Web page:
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Do you know that modern chocolate was born in Florence?




As many know, Florence was the birthplace (or raised) of many famous explorers of the past: from Robert Dudley to Amerigo Vespucci, from Paolo dal Pozzo Toscanelli to Giovanni da Verrazzano, and I could go on… However, one of these explorers of the past, perhaps the least famous, gave the city of Florence a sweet gift that has remained for our exclusive use (of us Florentine) for centuries. We are talking about Francesco Carletti and chocolate. We are in 1593 and Carletti is a young boy of just 17 who still does not know that the enterprise he is about to embark on (literally) will lead him to be the first man in the world to have circumnavigated the globe in private form (therefore without having one of his ships).

If you want discover this secret of Florence or other secrets of this fantastic city you can came with us in our free walking tour of Florence that we are running every day. If you want we are providing also some private tours. If you have interest in this kind of tour please contact us at our e-mail.



The journey that the seventeen-year-old Francesco stumbles on lasts about 17 years and leaves from the port of Livorno. The first stage takes him to Cape Verde, where he buys slaves to take to the New World and charters a ship to get there. Carletti then reaches Mexico where he sells the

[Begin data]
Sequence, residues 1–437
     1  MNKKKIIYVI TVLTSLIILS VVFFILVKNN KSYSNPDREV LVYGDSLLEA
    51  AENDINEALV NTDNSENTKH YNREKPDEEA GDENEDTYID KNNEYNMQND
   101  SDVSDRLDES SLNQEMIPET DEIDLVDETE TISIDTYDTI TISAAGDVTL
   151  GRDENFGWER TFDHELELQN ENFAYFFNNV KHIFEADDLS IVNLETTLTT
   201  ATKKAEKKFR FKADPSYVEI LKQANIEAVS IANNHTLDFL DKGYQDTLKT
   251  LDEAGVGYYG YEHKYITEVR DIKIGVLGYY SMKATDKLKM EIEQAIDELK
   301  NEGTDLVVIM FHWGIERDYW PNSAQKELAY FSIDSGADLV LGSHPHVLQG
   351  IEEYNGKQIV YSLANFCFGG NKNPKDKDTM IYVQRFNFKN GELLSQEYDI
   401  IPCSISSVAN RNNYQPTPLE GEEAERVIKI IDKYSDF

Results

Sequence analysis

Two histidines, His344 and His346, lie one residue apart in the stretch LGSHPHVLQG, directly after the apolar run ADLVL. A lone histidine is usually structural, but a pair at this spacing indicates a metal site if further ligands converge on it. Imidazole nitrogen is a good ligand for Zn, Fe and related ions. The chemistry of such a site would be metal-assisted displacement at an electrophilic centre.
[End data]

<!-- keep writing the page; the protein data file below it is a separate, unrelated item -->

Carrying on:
slaves (which at the time were employed in the silver mines) and finds a further passage to Peru, then a land of great interest due to the immense reserves of gold that even our young avid

explorer seeks. of having. In Peru, while he is looking for gold, Carletti instead finds chocolate and tastes it (in the native way: with goats milk, vanilla pods and chili). Carletti describes us in his diaries in detail not only the recipe (it was called "chocolate" because the natives called it xoacrat which from Florentines was transformed into chocolate), but also the addiction that this substance creates for him. Until then only the Spaniards had tasted chocolate, but in seeds and not sweetened with vanilla and milk as Carletti had done, and therefore they didn't like it at all, to the point of considering it only a drug with a bad and too strong taste. By this time Carletti had become addicted to chocolate, and so, before embarking on the next voyage, he filled the ship with plants and cocoa bean.



The journey continues to Acapulco, the Philippines and Japan where he meets Matteo Ricci, a Jesuit friar who is trying to Christianize the East. From Japan he circumnavigated India up to Saint Helena, where he was unfortunately intercepted by some Dutch pirates who robbed him of all the gold, silver, fabrics and what he proudly earned on his long voyage (still today the Dutch pirate Van Warwik is revered by the Dutch but hated by the rest of the world because of the violent raids he has made). Carletti is then then imprisoned in a prison in England.